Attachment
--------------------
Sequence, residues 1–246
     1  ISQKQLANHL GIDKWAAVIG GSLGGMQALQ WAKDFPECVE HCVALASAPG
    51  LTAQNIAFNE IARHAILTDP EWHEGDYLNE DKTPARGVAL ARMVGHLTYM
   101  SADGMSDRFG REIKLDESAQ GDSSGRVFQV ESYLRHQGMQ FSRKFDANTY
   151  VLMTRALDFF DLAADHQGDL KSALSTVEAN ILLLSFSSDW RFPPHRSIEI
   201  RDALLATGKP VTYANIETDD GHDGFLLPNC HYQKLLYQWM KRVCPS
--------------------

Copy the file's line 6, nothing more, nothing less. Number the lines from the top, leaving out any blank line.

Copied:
   201  RDALLATGKP VTYANIETDD GHDGFLLPNC HYQKLLYQWM KRVCPS